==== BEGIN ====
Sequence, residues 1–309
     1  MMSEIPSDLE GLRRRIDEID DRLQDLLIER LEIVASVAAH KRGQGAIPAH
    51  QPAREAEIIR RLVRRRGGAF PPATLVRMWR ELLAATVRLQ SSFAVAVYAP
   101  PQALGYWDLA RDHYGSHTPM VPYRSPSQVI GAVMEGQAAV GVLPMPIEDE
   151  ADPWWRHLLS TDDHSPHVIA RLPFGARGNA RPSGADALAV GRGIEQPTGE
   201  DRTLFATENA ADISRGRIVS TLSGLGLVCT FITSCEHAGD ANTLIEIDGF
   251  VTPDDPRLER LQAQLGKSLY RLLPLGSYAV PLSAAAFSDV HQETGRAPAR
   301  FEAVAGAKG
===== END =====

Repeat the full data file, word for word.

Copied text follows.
Sequence, residues 1–309
     1  MMSEIPSDLE GLRRRIDEID DRLQDLLIER LEIVASVAAH KRGQGAIPAH
    51  QPAREAEIIR RLVRRRGGAF PPATLVRMWR ELLAATVRLQ SSFAVAVYAP
   101  PQALGYWDLA RDHYGSHTPM VPYRSPSQVI GAVMEGQAAV GVLPMPIEDE
   151  ADPWWRHLLS TDDHSPHVIA RLPFGARGNA RPSGADALAV GRGIEQPTGE
   201  DRTLFATENA ADISRGRIVS TLSGLGLVCT FITSCEHAGD ANTLIEIDGF
   251  VTPDDPRLER LQAQLGKSLY RLLPLGSYAV PLSAAAFSDV HQETGRAPAR
   301  FEAVAGAKG